Are artificial sweeteners really linked to weight gain? What the latest study says.

Are artificial sweeteners really linked to weight gain? What the latest study says.

Artificial sweeteners have been the subject of a lot of speculation over the years. If I had a dollar for every client who has said to me that sweeteners cause cancer, I’d be wearing some really nice shoes right now and sitting in a seaside mansion. So what’s the deal with sweeteners, really? Are they a good way to cut calories, or are they toxic poison that’s making us fatter and sicker?

Our consumption of artificial sweeteners has increased exponentially in the past few decades, so if they’re that bad for us, we’re all in trouble…especially diabetics who have been eating them for years and years! Oh no!

Pffft. Hold on a second.

This morning, I came across media for a new study out of Australia that says – or appears to say, that sweeteners cause weight gain and diabetes. The headline “Artificial Sweeteners Linked to Weight Gain and Type 2 Diabetes, Study Says” popped up on my Apple News, and knowing how the media likes to blow this sort of thing up into a huge deal when really, there is none – I investigated further. And also knowing that you’ll be interested in my take on sweeteners, I decided to break it all down for you.

What did the study say?

Let’s look beyond the ridiculous clickbait headline.

This study, done by Dr. Peter Clifton out of the University of South Australia, was a review of evidence from the past decade, meaning the researchers didn’t really do their own research. Rather, they compiled evidence from other studies and tried to draw conclusions from it.

Clifton says that his team found ‘a link’ between obesity and diabetes and sweeteners. That “people who consumed artificial sweeteners at least twice a day were more likely to gain weight than those who never did.”

That sounds ominous enough. But then, there it is! The disclaimer! 

“However, Clifton and colleagues concluded that more long-term studies on sweeteners are needed to “draw a firm conclusion” about their role in blood sugar control.”

Meaning, they found a ‘link’ that they’re really not sure about. Is it or isn’t it? And a even better question would be, shouldn’t they work that out before the media announces it like it’s fact?

The inconclusive link is a popular situation with nutrition research, for reasons I’ve discussed so many times before. Mostly because when you’re dealing with population-based studies, it’s almost impossible to tease out the effect of the sweeteners versus other things the subjects may be eating or doing.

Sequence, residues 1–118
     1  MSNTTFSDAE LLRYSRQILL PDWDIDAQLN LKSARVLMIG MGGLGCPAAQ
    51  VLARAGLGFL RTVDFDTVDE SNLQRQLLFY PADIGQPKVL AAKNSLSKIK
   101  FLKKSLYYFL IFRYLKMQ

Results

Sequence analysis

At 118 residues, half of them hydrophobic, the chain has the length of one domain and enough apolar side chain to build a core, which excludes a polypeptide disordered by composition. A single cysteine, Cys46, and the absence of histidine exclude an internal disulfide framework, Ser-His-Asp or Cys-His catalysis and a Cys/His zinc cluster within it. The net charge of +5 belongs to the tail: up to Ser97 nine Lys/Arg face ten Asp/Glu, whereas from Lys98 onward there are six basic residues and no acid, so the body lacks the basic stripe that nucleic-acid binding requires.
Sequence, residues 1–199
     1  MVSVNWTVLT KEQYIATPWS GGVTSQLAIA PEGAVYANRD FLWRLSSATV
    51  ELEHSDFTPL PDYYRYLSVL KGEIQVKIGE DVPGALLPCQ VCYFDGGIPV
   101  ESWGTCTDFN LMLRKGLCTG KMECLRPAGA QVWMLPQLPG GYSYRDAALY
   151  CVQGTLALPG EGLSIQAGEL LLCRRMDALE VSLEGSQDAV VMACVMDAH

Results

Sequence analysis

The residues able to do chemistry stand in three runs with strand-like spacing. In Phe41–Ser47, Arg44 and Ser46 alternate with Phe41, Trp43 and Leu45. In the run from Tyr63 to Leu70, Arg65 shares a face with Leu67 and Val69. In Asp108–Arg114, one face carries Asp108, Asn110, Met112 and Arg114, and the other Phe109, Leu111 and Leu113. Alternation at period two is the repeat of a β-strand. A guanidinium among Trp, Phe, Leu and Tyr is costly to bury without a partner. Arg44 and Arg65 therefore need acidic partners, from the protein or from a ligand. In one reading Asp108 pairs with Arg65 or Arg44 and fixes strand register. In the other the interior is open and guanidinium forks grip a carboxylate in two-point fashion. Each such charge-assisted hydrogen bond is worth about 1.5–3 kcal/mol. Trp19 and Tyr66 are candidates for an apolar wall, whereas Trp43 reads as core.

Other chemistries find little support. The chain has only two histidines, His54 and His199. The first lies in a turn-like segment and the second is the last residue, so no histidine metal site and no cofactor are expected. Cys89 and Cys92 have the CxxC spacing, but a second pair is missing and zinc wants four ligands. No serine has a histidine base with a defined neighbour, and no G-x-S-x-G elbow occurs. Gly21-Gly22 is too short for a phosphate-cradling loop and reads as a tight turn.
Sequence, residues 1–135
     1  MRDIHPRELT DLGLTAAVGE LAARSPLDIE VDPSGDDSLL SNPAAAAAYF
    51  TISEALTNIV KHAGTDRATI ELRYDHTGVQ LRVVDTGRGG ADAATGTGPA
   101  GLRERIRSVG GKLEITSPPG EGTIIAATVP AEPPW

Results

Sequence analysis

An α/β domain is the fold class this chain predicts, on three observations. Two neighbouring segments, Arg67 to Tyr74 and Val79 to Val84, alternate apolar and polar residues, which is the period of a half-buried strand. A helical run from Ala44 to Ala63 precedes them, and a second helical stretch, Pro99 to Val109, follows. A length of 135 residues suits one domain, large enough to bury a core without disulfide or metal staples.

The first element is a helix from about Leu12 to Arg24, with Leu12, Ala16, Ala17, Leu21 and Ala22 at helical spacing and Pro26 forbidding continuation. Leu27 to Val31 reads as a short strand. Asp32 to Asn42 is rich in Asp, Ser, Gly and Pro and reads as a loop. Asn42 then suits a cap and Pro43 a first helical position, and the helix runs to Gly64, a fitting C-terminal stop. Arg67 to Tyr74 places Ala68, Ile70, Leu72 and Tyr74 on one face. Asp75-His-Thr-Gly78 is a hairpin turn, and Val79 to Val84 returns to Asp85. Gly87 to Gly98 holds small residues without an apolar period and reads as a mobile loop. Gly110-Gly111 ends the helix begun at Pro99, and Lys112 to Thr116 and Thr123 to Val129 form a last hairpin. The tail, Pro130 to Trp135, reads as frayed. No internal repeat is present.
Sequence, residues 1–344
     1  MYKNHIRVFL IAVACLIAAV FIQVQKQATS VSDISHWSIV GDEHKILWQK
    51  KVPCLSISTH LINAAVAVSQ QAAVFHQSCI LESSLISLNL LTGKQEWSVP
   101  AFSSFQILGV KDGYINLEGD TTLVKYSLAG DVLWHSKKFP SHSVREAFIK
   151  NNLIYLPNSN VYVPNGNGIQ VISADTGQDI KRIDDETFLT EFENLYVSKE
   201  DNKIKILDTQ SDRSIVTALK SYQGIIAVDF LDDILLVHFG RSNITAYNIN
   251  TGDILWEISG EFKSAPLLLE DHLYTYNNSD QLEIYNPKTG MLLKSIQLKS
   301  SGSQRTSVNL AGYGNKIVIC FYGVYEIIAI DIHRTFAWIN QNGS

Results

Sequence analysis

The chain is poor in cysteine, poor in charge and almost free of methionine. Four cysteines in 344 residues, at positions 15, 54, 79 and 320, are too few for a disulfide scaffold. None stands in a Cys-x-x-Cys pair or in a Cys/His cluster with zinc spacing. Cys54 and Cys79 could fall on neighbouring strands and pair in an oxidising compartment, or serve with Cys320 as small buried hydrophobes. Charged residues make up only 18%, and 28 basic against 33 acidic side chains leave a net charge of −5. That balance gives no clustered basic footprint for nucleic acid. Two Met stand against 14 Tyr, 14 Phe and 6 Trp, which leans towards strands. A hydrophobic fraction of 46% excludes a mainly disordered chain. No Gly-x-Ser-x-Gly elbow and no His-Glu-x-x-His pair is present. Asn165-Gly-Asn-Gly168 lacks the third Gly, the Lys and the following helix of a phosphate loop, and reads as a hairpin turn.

The article goes on to say, “Clifton said the problem might be partly behavioral…people who use sweeteners often still eat sugar, and may feel permission to overindulge.”

Okay, Dr. Clifton, so what you’re saying is that it might be the rest of a person’s diet, and not the sweeteners, that are causing them to gain weight? That’s it’s probably a behavioural thing, not anything chemically to do with sweeteners.

Interesting. Thanks for coming out!

As far as diabetes goes, we already know that weight gain is a risk factor for the disease. And if people who consume sweeteners are more likely to gain weight because of overeating, this could theoretically be causing the uptick in diabetes, too.

Clifton points out that “”The associations with type 2 diabetes are really unexplained mechanistically,” so honestly, should we even be speculating about a ‘link’ between sweeteners and diabetes?

No, no we shouldn’t. 

Someone tell that to the media.

As far as other studies on sweeteners go, most of them have been done on animals who receive a dose far higher than any human would ever eat. Even my cousin who drinks 2 litres of Diet Coke a day. 

The gut bacteria ‘link’ with sweeteners has proven inconclusive, and any association with cancer, weight gain, diabetes has not been proven. There is some evidence linking migraines to Sucralose (commonly sold as Splenda). 

I do find that because some artificial sweeteners are so sweet, they increase sweet tolerance, making us want sweeter and sweeter food. But this is just anecdotal. 

Artificial sweeteners are safe, but as I always say, choose whichever sweetener you want, including sugar – just eat as little as possible. 

So yet again, you see how brutal and unethical the media can be with their reporting on nutrition studies. The problem is that most people won’t even read beyond the headline, or will fail to register the disclaimers and speculation that studies like these are built on. The result is that there’s a fear of food that confuses us and makes eating into something that’s scary.